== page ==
This is over a single 10 GbE link, using a pair of Intel cards with the ixgbe driver, and a CX-4 cable. The ΔV is configured in one of our two basic modes, in this case, a RAID10 unit. It is exporting an about 3.5TB partition over iSCSI to the Windows 2008 x64 Server box. This is an Intel dual Woodcrest 2.66 GHz box with 4 GB RAM.
I wanted to see what the bandwidth limits are. Previous work with iSCSI on these systems put a large block sequential read at about 400 MB/s and a write at about 300 MB/s for a single thread. And that is what I saw. The limitation doesn’t appear to be the ΔV (more in a moment).
For 4 worker threads (using IOmeter), I am seeing a sustained 580 MB/s streaming read, and a little north of 400 MB/s streaming write.
ΔV itself has demonstrated pretty good numbers (see previous post). Most of the performance problems we see in single threads on 10 GbE are due, curiously enough, to single threads on 10 GbE. I am not sure I understand why this is the case … it is hard to get a “real world” (e.g. user space->kernel space->across network->remote kernel space-> spinning disk) benchmark that comes close to wire speed on 10 GbE (or IB for that matter). Sure I see iperf, and microbenchmarks galore. The only ones that matter are real world code and someone with a real stop-watch.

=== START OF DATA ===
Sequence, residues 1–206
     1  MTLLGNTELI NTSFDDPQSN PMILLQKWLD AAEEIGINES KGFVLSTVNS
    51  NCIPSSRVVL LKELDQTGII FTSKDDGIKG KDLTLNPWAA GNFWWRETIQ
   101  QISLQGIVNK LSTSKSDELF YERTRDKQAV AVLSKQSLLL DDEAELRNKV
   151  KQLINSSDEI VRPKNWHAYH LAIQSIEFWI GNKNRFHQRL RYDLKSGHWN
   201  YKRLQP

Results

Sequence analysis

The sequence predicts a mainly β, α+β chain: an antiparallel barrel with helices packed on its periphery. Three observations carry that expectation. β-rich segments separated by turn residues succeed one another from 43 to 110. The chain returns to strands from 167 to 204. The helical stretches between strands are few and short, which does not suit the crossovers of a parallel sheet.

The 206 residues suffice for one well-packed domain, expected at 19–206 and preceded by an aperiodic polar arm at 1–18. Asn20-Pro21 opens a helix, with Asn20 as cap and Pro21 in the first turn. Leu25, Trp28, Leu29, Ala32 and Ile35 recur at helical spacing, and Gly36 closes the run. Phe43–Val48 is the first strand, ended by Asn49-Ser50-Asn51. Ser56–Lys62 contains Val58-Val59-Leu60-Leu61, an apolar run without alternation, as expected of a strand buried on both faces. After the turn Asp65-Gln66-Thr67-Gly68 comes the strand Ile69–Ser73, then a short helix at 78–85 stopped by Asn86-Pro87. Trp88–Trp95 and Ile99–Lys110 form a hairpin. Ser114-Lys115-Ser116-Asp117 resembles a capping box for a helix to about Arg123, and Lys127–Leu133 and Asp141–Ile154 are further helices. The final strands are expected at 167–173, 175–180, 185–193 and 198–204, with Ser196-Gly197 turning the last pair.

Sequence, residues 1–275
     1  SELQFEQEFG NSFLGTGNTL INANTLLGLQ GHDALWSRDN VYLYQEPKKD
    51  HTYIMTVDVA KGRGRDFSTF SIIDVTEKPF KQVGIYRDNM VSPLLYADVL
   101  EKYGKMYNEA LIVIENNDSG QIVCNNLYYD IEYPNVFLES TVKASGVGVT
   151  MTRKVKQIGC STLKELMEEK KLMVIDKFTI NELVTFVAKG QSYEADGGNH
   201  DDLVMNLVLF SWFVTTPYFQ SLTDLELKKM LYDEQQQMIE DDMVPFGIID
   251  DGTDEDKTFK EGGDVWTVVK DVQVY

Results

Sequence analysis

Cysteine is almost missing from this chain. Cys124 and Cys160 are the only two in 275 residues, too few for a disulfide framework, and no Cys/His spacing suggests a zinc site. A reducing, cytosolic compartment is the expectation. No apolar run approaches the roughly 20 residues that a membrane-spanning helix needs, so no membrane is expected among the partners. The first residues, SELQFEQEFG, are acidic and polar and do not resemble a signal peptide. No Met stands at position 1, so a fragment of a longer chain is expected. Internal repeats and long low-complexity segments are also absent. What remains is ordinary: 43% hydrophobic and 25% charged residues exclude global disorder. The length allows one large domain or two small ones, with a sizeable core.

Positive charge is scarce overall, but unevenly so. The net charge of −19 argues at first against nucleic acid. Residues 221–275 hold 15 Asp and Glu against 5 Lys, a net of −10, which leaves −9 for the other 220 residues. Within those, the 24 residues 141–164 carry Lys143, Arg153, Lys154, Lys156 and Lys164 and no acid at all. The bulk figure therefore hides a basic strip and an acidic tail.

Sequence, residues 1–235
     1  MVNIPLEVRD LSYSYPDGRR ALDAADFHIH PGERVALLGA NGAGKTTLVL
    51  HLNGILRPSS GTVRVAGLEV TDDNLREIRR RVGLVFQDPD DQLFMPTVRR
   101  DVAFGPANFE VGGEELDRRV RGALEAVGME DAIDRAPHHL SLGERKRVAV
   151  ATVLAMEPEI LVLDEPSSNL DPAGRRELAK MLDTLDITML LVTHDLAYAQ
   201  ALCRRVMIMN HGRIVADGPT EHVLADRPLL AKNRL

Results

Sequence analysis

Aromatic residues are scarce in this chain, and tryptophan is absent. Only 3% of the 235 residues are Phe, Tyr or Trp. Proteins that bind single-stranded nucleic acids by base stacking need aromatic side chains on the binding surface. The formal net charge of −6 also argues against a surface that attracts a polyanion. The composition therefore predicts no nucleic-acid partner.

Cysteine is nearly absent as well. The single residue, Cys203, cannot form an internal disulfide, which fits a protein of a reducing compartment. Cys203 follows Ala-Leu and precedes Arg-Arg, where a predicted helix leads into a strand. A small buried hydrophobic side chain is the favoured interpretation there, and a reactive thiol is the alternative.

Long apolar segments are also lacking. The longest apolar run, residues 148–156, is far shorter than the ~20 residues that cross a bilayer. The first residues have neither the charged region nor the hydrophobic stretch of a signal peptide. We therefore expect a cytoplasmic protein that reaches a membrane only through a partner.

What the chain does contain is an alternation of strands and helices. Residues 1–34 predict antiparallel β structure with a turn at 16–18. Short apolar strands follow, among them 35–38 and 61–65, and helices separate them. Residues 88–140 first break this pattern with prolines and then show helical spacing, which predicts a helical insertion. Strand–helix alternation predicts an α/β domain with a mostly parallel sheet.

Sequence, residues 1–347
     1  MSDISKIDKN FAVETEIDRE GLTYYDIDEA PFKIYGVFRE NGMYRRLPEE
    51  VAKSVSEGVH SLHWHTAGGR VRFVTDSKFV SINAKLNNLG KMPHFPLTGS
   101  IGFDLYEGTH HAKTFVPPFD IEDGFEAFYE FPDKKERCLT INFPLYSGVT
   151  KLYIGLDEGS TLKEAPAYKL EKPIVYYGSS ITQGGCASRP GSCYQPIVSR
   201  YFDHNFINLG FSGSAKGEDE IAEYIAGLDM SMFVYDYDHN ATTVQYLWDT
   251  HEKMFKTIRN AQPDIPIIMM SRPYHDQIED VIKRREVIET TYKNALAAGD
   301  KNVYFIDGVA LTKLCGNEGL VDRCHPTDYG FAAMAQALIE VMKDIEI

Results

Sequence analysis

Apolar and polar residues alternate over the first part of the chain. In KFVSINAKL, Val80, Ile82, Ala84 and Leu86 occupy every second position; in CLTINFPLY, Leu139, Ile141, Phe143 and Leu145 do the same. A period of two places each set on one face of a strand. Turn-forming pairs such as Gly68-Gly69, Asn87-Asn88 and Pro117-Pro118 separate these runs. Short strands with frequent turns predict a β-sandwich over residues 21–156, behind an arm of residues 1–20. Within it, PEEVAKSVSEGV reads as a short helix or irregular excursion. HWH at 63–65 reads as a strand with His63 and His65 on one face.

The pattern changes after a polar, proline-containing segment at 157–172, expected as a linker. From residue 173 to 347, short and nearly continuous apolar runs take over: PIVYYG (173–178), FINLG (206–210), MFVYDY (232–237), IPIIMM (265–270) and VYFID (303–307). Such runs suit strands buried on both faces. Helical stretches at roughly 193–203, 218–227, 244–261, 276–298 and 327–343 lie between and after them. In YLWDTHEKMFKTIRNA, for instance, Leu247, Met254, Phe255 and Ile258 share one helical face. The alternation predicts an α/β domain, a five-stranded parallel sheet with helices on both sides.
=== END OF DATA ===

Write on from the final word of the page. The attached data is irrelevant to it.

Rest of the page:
This real world test is what I expect next week at SC08. ΔV will be attached to a similar unit performing real application runs. Looking at our configuration, I believe we have some head room.
What is interesting is the price point for this unit. It wasn’t designed to be the fastest unit out there, though it does run pretty well. It was designed to hit particular price points, in the hope of being able to provide excellent storage reliability, capacity, and performance at a reasonable price.
Starting under $1/usable GB in RAID6 configurations, these units can deliver up to 36 TB in a 4U package, at well under $1/usable GB.
Look for our announcement soon.
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